This paper presents a simple general equilibrium model of optimal taxation similar to that of Lucas and Stokey (1983), except that we let the government default on its debt. As a benchmark, we consider Ramsey equilibria in which the government can precommit its policies at the beginning of time. We then consider sustainable equilibria in which both government and private agent decision rules are required to be sequentially rational. We concentrate on trigger mechanisms which specify reversion to the finite horizon equilibrium after deviations by the government. The main result is that no Ramsey equilibrium with positive debt can be supported by such trigger mechanisms.
Subject (JEL): E62 - Fiscal Policy and E61 - Policy Objectives; Policy Designs and Consistency; Policy Coordination
Creator: Aiyagari, S. Rao and Peled, Dan Series: Staff report (Federal Reserve Bank of Minneapolis. Research Department) Number: 197 Abstract:
It is often argued that with a positively skewed income distribution (median less than mean) majority voting would result in higher tax rates than maximizing average welfare and, hence, lower aggregate savings. We reexamine this view in a capital accumulation model, in which distorting redistributive taxes provide insurance against idiosyncratic shocks and income distributions evolve endogenously. We find small differences of either sign between the tax rates set by a majority voting and a utilitarian government, for reasonable parametric specifications, despite the fact that model simulations produce positively skewed distributions of total income across agents.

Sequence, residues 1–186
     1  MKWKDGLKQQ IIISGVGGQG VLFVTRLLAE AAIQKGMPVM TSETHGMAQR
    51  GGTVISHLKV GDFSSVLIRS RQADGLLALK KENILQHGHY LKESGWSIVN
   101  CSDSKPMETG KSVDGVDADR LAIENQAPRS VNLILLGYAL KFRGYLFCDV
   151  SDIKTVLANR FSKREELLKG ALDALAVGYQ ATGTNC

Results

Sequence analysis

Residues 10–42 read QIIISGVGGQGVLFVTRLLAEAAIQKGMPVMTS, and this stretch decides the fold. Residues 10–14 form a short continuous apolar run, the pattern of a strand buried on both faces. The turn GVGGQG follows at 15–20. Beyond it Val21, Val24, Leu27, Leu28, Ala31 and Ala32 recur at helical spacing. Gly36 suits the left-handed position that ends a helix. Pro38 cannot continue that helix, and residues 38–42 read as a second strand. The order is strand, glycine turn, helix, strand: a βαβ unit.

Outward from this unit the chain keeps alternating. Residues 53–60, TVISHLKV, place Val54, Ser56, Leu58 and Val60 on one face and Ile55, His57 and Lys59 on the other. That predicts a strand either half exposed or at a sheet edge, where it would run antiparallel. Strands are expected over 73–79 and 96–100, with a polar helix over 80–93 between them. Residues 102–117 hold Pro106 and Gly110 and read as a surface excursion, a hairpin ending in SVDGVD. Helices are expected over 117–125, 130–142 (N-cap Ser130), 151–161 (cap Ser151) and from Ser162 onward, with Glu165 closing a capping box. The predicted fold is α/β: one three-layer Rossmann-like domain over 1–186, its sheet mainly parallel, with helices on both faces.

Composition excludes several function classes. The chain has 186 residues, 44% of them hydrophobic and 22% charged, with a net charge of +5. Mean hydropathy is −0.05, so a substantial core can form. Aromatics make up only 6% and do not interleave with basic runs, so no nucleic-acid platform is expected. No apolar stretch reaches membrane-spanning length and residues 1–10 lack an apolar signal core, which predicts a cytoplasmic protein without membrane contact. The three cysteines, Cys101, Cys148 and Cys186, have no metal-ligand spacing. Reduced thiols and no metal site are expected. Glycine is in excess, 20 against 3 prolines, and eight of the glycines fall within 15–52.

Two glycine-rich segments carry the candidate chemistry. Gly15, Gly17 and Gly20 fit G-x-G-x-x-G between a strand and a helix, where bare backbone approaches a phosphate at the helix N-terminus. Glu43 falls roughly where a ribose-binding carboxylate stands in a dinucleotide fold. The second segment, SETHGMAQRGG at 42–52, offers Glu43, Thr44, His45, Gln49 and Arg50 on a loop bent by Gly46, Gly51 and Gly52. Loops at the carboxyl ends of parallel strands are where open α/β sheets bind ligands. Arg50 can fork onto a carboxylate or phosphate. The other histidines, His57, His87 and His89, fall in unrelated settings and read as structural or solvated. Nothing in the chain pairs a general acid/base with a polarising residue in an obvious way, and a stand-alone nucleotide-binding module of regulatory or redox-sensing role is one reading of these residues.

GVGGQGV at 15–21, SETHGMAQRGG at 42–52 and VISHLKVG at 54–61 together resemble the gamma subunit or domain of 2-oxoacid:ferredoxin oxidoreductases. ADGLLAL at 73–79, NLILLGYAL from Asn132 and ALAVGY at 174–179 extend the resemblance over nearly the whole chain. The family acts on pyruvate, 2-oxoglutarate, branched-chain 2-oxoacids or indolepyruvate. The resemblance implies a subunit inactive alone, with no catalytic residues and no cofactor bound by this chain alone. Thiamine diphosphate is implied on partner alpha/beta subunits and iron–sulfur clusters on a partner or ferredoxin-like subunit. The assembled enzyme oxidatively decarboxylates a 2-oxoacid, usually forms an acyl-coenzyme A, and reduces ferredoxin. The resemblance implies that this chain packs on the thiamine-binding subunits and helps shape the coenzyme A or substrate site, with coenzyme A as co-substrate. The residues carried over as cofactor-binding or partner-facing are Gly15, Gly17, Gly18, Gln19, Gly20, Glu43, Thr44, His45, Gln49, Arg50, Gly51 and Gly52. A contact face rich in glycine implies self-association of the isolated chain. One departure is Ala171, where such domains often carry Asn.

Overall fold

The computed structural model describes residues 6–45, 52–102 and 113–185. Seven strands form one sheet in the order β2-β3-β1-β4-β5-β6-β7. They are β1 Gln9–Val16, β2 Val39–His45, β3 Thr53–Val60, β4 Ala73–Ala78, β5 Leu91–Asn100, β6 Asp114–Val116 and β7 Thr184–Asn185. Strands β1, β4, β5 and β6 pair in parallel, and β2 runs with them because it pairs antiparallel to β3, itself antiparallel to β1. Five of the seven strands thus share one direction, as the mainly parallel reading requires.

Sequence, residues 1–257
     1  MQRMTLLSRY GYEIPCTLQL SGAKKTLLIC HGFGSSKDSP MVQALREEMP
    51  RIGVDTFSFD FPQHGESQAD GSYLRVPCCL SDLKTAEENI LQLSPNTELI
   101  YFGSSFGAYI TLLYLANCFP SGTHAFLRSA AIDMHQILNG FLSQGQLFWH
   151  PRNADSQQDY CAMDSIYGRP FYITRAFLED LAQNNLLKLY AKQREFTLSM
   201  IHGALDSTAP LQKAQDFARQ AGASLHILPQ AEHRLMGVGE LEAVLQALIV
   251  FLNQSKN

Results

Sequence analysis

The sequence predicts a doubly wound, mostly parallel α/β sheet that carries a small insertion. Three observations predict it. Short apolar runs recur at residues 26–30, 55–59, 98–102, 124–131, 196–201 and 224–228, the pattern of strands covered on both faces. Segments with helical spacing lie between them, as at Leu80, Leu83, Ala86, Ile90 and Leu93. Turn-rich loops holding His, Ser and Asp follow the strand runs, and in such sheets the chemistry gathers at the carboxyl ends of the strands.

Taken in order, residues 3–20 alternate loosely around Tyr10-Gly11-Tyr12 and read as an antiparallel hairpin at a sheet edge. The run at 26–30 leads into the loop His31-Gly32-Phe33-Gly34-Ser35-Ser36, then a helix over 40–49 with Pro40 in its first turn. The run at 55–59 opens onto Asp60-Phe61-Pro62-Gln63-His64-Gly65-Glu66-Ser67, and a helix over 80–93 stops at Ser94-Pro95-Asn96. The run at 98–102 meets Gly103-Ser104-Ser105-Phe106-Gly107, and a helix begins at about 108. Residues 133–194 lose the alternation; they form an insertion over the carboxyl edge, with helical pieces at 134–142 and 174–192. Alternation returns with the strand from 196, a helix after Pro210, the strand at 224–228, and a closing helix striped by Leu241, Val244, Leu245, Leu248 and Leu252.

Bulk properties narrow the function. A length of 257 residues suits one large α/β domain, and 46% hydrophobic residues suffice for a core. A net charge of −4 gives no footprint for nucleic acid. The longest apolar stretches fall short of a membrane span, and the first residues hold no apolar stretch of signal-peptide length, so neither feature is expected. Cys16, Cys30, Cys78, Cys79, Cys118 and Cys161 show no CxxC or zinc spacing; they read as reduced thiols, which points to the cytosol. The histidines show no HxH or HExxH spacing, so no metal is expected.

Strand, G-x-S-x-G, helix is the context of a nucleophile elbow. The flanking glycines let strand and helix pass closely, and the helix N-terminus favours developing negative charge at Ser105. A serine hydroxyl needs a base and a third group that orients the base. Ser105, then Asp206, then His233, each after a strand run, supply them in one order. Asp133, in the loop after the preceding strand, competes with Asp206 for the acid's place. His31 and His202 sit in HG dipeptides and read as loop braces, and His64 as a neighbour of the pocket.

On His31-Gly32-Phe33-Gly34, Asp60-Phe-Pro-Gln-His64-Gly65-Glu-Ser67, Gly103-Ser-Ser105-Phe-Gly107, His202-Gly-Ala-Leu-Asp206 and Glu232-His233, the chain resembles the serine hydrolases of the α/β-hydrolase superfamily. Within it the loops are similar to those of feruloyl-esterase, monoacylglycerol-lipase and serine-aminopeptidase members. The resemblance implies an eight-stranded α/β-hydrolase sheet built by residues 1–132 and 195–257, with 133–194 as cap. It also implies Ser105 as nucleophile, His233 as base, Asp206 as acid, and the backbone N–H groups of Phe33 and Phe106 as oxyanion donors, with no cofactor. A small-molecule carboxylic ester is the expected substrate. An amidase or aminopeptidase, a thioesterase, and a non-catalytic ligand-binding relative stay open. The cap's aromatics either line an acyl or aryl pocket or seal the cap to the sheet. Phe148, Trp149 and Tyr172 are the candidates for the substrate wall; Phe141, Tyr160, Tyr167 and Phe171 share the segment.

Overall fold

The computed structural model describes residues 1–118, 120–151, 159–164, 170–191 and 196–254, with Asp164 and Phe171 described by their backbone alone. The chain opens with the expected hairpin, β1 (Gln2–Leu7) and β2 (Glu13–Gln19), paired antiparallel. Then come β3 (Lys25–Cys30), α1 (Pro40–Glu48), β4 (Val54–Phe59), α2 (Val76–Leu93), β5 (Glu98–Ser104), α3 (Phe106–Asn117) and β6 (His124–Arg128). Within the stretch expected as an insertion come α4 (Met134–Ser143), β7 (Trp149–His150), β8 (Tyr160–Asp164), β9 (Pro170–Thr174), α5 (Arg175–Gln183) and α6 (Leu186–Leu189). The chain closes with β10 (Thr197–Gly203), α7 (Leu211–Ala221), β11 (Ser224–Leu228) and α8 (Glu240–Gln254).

Keyword: Proportional taxes, Sequential majority voting, and Utilitarian government Subject (JEL): H23 - Taxation and Subsidies: Externalities; Redistributive Effects; Environmental Taxes and Subsidies, C68 - Computable General Equilibrium Models, and E62 - Fiscal Policy
Creator: Prescott, Edward C. Series: Staff report (Federal Reserve Bank of Minneapolis. Research Department) Number: 321 Abstract:
Americans now work 50 percent more than do the Germans, French, and Italians. This was not the case in the early 1970s when the Western Europeans worked more than Americans. In this paper, I examine the role of taxes in accounting for the differences in labor supply across time and across countries, in particular, the effective marginal tax rate on labor income. The population of countries considered is that of the G-7 countries, which are major advanced industrial countries. The surprising finding is that this marginal tax rate accounts for the predominance of the differences at points in time and the large change in relative labor supply over time with the exception of the Italian labor supply in the early 1970s.